Back to the 8th district we go, with this Guest Opinion in the Courier Times this morning from Peter Waitze, who also served in the Air Force (wonder if he knew Earl Tilford?). This is response to what Andy Warren wrote a couple of weeks ago (link here)

Both Andy Warren and Patrick Murphy are experienced public servants, Warren as our county commissioner and Murphy as an officer in the Army. What were the differences in their public service? Andy probably got out of a clean bed, showered, ate breakfast, put on a clean suit, went to Doylestown and from time to time faced hostile constituents who could have hurt his ego with their complaints. Patrick went to Iraq, slept in his uniform, probably ate cold meals three times a day and, on a daily basis, faced hostile and well-armed enemies who were trying to kill him.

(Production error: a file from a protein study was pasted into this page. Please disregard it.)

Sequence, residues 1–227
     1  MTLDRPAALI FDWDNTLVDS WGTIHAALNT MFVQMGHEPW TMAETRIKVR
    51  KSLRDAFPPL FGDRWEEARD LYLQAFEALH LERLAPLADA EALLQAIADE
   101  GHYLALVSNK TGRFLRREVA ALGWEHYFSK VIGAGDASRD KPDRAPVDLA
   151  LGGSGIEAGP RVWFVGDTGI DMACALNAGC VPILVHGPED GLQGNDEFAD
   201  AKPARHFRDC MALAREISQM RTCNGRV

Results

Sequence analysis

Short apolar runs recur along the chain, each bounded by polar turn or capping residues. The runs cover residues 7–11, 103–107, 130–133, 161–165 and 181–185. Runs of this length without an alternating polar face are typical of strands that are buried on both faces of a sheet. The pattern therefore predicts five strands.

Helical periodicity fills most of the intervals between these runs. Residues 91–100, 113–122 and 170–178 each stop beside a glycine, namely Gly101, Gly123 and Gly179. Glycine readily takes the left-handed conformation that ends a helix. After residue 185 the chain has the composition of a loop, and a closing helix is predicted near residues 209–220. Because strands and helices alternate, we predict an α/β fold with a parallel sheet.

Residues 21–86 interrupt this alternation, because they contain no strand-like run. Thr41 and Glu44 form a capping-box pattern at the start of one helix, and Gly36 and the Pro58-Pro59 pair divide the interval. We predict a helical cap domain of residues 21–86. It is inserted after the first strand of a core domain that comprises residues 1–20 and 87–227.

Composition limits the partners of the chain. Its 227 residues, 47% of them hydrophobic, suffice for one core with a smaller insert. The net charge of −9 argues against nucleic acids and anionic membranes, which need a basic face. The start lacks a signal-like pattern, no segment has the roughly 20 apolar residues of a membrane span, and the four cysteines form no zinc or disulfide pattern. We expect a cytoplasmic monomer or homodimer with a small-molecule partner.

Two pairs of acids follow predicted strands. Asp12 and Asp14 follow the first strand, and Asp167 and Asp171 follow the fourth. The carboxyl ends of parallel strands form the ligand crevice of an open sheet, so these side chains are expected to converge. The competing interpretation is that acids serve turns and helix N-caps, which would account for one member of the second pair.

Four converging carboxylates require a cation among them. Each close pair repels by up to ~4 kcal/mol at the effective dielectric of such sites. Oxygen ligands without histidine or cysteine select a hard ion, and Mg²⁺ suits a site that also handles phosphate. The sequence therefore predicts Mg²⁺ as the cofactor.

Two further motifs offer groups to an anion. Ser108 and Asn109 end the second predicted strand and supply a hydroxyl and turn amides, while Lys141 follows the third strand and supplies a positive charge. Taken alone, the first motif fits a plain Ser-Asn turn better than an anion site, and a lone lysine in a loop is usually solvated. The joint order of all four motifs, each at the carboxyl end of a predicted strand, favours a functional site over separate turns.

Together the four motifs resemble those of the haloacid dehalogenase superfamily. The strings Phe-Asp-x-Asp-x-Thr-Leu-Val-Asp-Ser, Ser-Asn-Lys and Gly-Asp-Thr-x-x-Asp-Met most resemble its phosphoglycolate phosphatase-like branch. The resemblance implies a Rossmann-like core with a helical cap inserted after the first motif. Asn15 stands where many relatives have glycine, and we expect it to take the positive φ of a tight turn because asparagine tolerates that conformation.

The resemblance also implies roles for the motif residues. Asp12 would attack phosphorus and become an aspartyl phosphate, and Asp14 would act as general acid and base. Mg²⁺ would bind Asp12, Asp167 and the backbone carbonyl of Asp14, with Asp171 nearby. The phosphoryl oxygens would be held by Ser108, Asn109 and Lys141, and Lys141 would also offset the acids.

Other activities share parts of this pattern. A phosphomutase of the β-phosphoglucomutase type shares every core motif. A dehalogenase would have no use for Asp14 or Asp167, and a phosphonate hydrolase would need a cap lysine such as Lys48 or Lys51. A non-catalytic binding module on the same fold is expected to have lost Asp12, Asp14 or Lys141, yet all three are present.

Yes, both served us, but with our country at war, we need representatives who, unlike those currently serving in Washington, didn’t shirk their responsibility to our country and who understand what it means to be in combat. I don’t know if Warren served in uniform, and I don’t want to suggest that he didn’t, but I have tremendous respect for those like Murphy who did and were on the front lines.

As Andy noted, Patrick has zero governmental service, but Andy left out that Murphy was intelligent enough to become an instructor at West Point at a tender age, something few Army personnel are able to accomplish. While many years of experience are indeed valuable, so too are intelligence, an open mind and fresh ideas.